Is Wells Fargo Still a Safe Bank to Own?
Wells Fargo (NYSE:WFC) is a bank that many of us are familiar with and probably have done business with. The stock has pulled back about 5 percent from its 52 week high, but I think it can continue to climb higher. This is because despite it reporting slowing earnings growth, there are a lot of positives going for the bank. I have long considered it a safe investment that offererd growth and a decent yield. The yield in fact is at 2.7 percent after pulling back from its highs. In this article, I will review the key highlights of the stock’s earnings that you need to know and make a recommendation on the stock moving forward.
Let’s start with the headline numbers that everyone probably saw on the news. Wells Fargo reported net income of $5.7 billion, or $1.01 per diluted common share for the quarter, up from $5.5 billion, or $0.98 per share, for second-quarter 2013. This is growth, but the growth is certainly slowing down. This 3 percent rise is well below the high single digit growth we were seeing in year’s past. Is this a warning sign? Perhaps.
How was revenue? Well, Wells Fargo’s revenue came in at $21.1 billion, up from $20.6 billion in first-quarter 2014. This is again slowed growth, but growth nonetheless. The growth comes from increases in both net interest income and non-interest income. Several segments produced growth, including capital markets, corporate banking, commercial real estate, corporate trust, debit card, personal lines and loans, merchant services, and retail brokerage.
I mentioned both net interest income and non-interest income rising. Net interest income increased $176 million to $10.8 billion driven by organic growth in commercial and consumer loans and higher mortgages held for sale and trading assets. However, approximately one-third of the increase resulted from the benefit of one additional business day in the quarter. Interest income from variable sources, including purchased credit-impaired (PCI) loan resolutions and periodic dividends, also improved slightly linked quarter. Noninterest income in the second-quarter was $10.3 billion, up from $10.0 billion in the prior quarter. Growth was broad-based and was driven by increases in mortgage banking, trust and investment fees, deposit service charges, and card fees.
Net interest margin was disappointing, but the reason for it is a positive one. The net interest margin was 3.15 percent, down 5 basis points from first quarter 2014 as strong customer driven deposit growth contributed to higher cash and short-term investment balances. This deposit growth was essentially neutral to net interest income, but had the effect of diluting net interest margin approximately 5 basis points. The net impact of all other balance sheet growth and repricing was essentially flat from first-quarter.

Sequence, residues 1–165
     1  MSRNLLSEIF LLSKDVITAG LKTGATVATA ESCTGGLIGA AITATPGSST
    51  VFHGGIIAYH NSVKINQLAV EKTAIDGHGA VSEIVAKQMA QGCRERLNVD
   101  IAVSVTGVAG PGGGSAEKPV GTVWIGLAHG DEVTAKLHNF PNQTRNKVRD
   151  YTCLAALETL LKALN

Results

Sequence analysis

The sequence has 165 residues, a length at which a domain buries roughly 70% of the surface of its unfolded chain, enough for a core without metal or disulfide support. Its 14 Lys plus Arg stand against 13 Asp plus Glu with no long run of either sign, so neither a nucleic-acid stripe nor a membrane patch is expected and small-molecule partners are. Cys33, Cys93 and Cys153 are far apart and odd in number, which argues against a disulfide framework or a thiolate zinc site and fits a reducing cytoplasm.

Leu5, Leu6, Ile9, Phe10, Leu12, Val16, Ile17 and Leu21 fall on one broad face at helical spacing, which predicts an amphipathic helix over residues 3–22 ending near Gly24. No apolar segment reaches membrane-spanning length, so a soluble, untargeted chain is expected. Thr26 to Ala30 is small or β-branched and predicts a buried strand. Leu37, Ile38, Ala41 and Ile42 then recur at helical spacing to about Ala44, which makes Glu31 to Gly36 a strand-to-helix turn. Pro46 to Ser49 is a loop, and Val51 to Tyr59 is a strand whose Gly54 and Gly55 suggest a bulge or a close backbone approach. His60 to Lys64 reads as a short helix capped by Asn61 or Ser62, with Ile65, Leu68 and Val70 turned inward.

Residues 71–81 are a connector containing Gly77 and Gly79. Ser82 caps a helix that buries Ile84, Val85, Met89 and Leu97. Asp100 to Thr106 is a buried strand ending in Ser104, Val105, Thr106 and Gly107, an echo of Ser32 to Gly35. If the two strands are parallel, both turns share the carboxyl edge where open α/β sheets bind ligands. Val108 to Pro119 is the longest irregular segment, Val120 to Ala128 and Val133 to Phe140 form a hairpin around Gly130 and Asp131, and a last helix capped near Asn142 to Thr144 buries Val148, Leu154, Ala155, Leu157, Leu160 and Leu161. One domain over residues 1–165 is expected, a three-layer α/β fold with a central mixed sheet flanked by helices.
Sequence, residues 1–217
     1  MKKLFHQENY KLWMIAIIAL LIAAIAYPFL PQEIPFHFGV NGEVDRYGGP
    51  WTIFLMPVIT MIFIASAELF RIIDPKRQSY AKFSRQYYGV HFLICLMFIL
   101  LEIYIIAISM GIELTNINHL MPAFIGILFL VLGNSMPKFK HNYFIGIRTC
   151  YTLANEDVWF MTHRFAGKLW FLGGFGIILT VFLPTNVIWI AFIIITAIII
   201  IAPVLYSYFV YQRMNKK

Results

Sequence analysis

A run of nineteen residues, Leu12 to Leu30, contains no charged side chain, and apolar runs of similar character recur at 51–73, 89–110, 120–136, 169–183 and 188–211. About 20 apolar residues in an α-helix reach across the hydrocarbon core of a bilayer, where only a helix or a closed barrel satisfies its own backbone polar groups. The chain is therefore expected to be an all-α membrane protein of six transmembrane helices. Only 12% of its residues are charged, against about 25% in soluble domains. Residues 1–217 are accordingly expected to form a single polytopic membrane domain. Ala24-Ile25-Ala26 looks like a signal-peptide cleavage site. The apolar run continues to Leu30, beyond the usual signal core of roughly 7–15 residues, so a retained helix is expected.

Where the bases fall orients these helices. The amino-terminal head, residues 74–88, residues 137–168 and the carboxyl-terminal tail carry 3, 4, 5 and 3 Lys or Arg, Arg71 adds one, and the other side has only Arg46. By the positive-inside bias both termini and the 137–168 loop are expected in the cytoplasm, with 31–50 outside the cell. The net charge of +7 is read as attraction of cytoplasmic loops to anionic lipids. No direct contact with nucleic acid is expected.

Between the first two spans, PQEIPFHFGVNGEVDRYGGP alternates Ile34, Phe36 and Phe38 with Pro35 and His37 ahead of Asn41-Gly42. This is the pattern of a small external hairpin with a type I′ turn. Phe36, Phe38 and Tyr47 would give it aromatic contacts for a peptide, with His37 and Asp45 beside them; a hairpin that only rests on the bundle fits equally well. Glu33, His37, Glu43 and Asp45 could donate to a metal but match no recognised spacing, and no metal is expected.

Loan growth was a huge bright spot. Total loans were $828.9 billion at June 30, 2014, up $2.5 billion from March 31, 2014, driven by broad-based growth in commercial and industrial, automobile, credit card, 1-4 family first mortgage, and commercial real estate loans. There was across the board growth, which was very positive. Further, total average deposits were $1.1 trillion, up 9 percent from a year ago and up 9 percent from first-quarter 2014, driven by solid commercial and consumer growth. Another positive was that nonperforming assets decreased by $686 million from first quarter to $18.1 billion. Nonaccrual loans decreased $678 million to $14.0 billion while foreclosed assets were $4.1 billion, in line with the first-quarter. Chair and CEO John Stumpf stated:
“Our strong results in the second-quarter reflected the benefit of our diversified business model and our long-term focus on meeting the financial needs of our customers. By continuing to serve customers we grew loans, increased deposits and deepened our relationships. Our results also reflected strong credit quality driven by an improved economy, especially the housing market, and our continued risk discipline. We are committed to both maintaining strong capital levels and returning more capital to our shareholders. In the second-quarter we increased our common stock dividend 17 percent and repurchased 39.4 million shares. We remain dedicated to building long-term shareholder value, and I am optimistic about the future as we continue to focus on meeting the needs of our consumer, small business and commercial customers.”
I think Wells Fargo’s report was a good start to the earnings season for banks. The superb loan growth was a strong point that probably helped the stock absorb some of the blow from a weak earnings growth. I think Wells Fargo is a diversified bank and its asset base is strong and improving. I reiterate that Wells Fargo is a relatively stable investment, with the opportunity for share appreciation as well as yield.
Disclosure: Christopher F. Davis holds no position in Wells Fargo and has no plans to initiate a position in the next 72 hours. He has a buy rating on the stock and a price target of $57.